Within this article, we will look at equal cost and unequal cost traffic distribution in EIGRP.
Note: This article is written based upon Cisco IOS 15.x.
ECMP - Equal Cost
Out of the box, EIGRP provides ECMP, which can also be configured via the
show ip protocols command, we can view the maximum-paths EIGRP will use,
R1#show ip protocols | section eigrp Routing Protocol is "eigrp 1" Outgoing update filter list for all interfaces is not set Incoming update filter list for all interfaces is not set Default networks flagged in outgoing updates Default networks accepted from incoming updates EIGRP-IPv4 Protocol for AS(1) Metric weight K1=1, K2=0, K3=1, K4=0, K5=0 Soft SIA disabled NSF-aware route hold timer is 240 Router-ID: 220.127.116.11 Topology : 0 (base) Active Timer: 3 min Distance: internal 90 external 170 *Maximum path: 4* Maximum hopcount 100 Maximum metric variance 1
Variance - Unequal Cost
The variance option of EIGRP provides a method for balancing traffic over non-equal cost paths, more specifically:
"Allows EIGRP to load-balance across a networks successor router and one or more feasible successor routes."
The variance value is based on the following logic: Include any routes with a Feasible distance less than n times that of the successor routes feasible distance.
For example, say we have the following 3 routes:
R2#show ip eigrp topology EIGRP-IPv4 Topology Table for AS(1)/ID(192.168.0.3) Codes: P - Passive, A - Active, U - Update, Q - Query, R - Reply, r - reply Status, s - sia Status P 10.0.0.12/30, 2 successors, FD is 3072 via 10.0.0.17 (102072/2816), GigabitEthernet0/1 //Route A via 10.0.0.22 (113922/2816), GigabitEthernet0/2 //Route B via 10.0.0.22 (267922/2816), GigabitEthernet0/3 //Route C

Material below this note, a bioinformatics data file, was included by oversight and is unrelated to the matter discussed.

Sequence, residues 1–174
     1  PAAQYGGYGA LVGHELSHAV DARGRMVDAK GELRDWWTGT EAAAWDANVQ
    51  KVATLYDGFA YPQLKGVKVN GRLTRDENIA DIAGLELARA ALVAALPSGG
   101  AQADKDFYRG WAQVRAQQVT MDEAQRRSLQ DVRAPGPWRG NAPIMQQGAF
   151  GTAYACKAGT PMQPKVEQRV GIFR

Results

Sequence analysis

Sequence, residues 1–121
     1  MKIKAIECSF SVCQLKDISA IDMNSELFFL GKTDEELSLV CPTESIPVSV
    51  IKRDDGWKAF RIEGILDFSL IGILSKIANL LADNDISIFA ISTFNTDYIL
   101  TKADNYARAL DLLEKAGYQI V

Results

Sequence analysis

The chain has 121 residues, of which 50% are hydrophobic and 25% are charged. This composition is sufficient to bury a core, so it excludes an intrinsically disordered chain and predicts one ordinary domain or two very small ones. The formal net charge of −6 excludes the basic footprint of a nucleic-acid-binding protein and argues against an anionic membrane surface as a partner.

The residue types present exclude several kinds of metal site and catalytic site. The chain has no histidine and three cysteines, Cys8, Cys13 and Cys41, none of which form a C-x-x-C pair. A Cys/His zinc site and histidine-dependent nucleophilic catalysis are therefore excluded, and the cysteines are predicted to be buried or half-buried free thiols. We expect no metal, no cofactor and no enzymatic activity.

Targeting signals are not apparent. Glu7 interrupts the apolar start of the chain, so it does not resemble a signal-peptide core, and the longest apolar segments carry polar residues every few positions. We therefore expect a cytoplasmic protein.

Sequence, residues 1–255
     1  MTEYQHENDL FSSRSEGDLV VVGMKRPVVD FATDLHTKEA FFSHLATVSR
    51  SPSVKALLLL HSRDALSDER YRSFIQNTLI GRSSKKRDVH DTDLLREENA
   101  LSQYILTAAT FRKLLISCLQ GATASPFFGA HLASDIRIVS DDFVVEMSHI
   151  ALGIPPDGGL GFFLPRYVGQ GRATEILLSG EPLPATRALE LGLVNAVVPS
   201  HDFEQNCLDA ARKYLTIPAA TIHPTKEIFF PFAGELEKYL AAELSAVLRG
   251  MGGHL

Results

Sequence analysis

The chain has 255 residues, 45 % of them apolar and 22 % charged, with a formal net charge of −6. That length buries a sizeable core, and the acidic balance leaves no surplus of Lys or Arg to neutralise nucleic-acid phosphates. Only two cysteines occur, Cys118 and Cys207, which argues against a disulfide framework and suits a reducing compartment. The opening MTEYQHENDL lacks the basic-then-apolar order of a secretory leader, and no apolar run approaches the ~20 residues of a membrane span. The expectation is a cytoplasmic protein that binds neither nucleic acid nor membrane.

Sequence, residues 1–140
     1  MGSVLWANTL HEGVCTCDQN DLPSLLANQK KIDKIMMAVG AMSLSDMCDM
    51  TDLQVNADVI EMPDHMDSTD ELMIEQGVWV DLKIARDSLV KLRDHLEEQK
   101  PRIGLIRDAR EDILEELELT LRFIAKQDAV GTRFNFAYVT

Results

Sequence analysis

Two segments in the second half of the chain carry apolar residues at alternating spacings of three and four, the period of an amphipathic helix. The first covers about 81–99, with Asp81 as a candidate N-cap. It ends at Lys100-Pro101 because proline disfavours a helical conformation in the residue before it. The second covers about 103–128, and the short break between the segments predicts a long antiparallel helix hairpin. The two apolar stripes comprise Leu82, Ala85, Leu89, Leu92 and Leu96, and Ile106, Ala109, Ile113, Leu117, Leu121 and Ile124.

Our successor is the route with an FD of 102072.
- Variance = 2. 102072 * 2 = 204144 ; Include route A and B.
- Variance = 3. 102072 * 2 = 306216 ; Include route A,B and C
To configure the variance command, you simply use the command
variance. Like so,
router eigrp 1 variance 2
When it comes to the balancing algorithm. There is a caveat,
"By default, CEF uses per-destination load balancing. If it is enabled on an interface, per-destination load balancing forwards packets based on the path to reach the destination. If two or more parallel paths exist for a destination, CEF takes the same path (single path) and avoids the parallel paths. This is a result of the default behavior of CEF. CEF takes the single path in cases when load sharing is done simultaneously on interfaces of different physical types, such as serial and tunnel. The hash algorithm determines the path to be chosen. In order to utilize all the parallel paths in CEF and load balance the traffic, you must enable per-packet load balancing when you have different physical interfaces like serial and tunnel. So, on the basis of the configuration and topology (serial or tunnel), load sharing can fail to work correctly with the default CEF load balancing mode."
However, in the event of the routes using the same physical interface, the default balancing method can be updated to include the Layer4 ports within its hashing function. Like so,
ip cef load-sharing algorithm include-ports source
This is especially useful when dealing with VXLAN overlays, based on the VXLAN Frame Format as per RFC 7348:
"5. VXLAN Frame Format
It is recommended that the UDP source port number be calculated using a hash of fields from the inner packet one example being a hash of the inner Ethernet frame's headers.
This is to enable a level of entropy for the ECMP/load-balancing of the VM-to-VM traffic across the VXLAN overlay.
When calculating the UDP source port number in this manner, it is RECOMMENDED that the value be in the dynamic/private port range 49152-65535 [RFC6335]."
TIP: Should you want to learn more about VXLAN, I highly recommend ipspace.net, and to check out their free series of VXLAN deep videos.
"(Variance) Work in IGRP and EIGRP? - Cisco." 3 Jun. 2009, https://www.cisco.com/c/en/us/support/docs/ip/enhanced-interior-gateway-routing-protocol-eigrp/13677-19.html. Accessed 4 May. 2018. ↩︎